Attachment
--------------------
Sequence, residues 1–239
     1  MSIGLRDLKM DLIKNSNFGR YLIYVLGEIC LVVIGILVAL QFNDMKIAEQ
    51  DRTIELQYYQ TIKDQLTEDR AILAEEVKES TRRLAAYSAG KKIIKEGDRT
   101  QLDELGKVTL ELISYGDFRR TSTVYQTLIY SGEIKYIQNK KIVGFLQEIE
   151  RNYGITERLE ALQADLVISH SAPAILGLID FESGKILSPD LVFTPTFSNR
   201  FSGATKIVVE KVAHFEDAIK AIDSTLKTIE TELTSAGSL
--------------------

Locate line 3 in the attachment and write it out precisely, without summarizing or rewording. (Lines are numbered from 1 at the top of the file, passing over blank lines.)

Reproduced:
    51  DRTIELQYYQ TIKDQLTEDR AILAEEVKES TRRLAAYSAG KKIIKEGDRT